edges and a frosted end. The frosted end should be used to label the slide. The glass
used in ‘superior’ quality slides does not ‘fog’ or become opaque in tropical conditions. Poorer quality glass slides are cheaper but deteriorate quickly in a hot, humid
climate; washing does not remove the opaque patches, and the slides are useless for
precise microscopy. Although the slides are described as ‘washed’ or ‘pre-cleaned’,
this does not mean that they can be used directly from the box. Micro-slides must
be washed, dried and wrapped before being used for blood films.
14
Learning Unit 2. Cleaning and storing microscope slides
Slides that are slightly scratched and considered unsuitable for blood films can be
handed over to other sections of the laboratory service for routine use.
Washing and preparing slides
Two ways of washing and preparing slides for blood films are described below.
Your facilitator will take you through these steps, describing and demonstrating
the two methods.
For hospital laboratories
In hospitals, patients usually come singly, and there is time to clean slides as they
are needed. It is sufficient to open one box of new slides at a time.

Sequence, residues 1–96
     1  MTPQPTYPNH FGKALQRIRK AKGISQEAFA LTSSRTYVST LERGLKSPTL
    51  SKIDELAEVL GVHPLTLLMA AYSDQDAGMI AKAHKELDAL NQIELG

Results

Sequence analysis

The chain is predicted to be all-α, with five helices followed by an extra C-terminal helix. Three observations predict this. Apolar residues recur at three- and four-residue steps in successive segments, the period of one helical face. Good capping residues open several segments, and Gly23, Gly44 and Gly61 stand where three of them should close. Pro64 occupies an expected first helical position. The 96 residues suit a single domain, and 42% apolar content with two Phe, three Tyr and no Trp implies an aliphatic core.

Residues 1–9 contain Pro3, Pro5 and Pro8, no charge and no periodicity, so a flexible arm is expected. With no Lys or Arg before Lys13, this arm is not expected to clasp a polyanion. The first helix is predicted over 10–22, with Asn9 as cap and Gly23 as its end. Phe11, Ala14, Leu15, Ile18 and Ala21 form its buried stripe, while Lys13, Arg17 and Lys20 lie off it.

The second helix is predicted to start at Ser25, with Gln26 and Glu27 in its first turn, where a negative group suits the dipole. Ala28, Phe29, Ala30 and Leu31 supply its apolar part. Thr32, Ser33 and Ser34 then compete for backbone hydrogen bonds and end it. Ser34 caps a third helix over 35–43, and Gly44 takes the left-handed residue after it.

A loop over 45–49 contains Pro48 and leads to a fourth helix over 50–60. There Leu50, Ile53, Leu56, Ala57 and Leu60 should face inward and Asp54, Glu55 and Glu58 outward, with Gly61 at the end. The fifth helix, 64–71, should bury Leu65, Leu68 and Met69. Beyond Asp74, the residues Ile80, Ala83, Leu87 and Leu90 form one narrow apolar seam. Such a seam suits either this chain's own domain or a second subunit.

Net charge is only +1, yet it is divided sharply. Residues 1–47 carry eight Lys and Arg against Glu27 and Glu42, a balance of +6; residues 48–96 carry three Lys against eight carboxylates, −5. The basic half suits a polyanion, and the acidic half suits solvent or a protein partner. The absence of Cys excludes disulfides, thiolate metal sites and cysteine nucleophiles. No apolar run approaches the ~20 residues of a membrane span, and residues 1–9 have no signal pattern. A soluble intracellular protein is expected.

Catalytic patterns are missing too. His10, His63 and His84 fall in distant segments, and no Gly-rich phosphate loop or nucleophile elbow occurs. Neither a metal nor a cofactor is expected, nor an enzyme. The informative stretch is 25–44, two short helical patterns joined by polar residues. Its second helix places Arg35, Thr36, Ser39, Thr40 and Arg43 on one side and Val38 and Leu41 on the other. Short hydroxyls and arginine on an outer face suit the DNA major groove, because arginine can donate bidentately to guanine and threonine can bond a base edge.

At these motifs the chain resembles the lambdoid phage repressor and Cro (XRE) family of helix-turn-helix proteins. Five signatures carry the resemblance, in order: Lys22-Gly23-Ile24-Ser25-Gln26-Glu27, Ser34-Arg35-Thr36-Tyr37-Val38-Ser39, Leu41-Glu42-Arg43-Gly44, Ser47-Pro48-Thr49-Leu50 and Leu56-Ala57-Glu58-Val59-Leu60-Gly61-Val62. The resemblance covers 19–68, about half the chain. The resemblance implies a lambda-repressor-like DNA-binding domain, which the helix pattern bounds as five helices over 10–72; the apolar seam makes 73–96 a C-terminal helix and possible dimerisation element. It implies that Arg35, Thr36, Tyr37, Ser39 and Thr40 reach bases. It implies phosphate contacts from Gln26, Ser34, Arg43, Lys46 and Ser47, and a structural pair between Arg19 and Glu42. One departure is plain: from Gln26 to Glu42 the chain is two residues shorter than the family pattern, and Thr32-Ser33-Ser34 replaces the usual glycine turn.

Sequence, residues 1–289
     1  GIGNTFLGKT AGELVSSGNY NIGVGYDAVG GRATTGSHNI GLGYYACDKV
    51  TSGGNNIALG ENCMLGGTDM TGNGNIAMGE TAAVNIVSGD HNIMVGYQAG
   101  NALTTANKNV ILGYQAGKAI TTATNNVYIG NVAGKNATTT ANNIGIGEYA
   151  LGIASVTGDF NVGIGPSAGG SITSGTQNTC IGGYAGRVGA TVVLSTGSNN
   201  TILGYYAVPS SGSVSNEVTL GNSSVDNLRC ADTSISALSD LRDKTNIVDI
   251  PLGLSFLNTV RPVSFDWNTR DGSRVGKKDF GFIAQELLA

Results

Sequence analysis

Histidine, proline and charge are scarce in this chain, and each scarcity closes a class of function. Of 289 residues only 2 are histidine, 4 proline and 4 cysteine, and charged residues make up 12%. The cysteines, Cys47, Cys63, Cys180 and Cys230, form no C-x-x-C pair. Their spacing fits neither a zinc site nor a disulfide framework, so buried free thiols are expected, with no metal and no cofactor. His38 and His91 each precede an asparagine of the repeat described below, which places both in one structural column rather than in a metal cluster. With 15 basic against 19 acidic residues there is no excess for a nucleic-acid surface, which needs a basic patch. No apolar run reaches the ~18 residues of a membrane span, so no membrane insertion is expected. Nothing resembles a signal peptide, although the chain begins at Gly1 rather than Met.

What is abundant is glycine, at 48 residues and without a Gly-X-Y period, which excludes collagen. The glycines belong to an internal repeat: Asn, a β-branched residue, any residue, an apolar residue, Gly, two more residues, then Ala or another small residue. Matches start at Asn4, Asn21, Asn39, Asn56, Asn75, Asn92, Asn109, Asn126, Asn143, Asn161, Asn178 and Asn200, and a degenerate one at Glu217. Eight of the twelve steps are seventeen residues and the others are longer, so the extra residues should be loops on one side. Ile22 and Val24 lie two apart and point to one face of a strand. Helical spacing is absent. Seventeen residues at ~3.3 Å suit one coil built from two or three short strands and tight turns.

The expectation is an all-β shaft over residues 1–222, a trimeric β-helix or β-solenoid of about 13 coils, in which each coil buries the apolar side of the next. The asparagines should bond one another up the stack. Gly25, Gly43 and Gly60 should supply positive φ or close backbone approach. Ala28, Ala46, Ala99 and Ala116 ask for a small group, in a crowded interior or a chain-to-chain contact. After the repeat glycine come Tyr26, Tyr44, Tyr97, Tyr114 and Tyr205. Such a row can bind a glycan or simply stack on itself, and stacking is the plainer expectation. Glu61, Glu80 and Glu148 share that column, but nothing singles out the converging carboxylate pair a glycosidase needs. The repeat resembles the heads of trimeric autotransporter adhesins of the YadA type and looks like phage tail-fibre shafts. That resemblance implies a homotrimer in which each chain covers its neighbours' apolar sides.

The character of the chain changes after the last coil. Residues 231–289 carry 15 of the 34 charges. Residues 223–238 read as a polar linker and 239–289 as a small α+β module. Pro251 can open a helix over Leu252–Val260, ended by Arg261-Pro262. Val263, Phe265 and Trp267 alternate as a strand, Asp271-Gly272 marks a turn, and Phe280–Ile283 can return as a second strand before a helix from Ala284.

You will need:
O one box of new ‘superior’ quality micro-slides;
O one medium-sized plastic bowl or basin;
O good-quality liquid or powder detergent;
O a washing cloth or soft sponge;
O clean, lint-free cotton cloths (the kind used to dry crockery or glassware);
O methyl alcohol1;
O a wide-mouth jar with a screw-fitting top, to hold alcohol and slides; and
O a supply of clean water.
The method:
1. Separate new slides one from the other and soak in detergent solution for 4–8 h,
conveniently overnight.
2. After soaking, clean each slide on both sides by rubbing the two surfaces in the
washing cloth or sponge between the forefinger and thumb.
3. Rinse the slides individually in clean water to wash off the detergent.
4. Drain excess water from the slides, before placing them in the jar of alcohol with
the lid firmly screwed on. Keep out of direct sunlight.
5. When required, remove a slide and dry it thoroughly with a clean, lint-free cotton cloth. Always handle slides by the edges.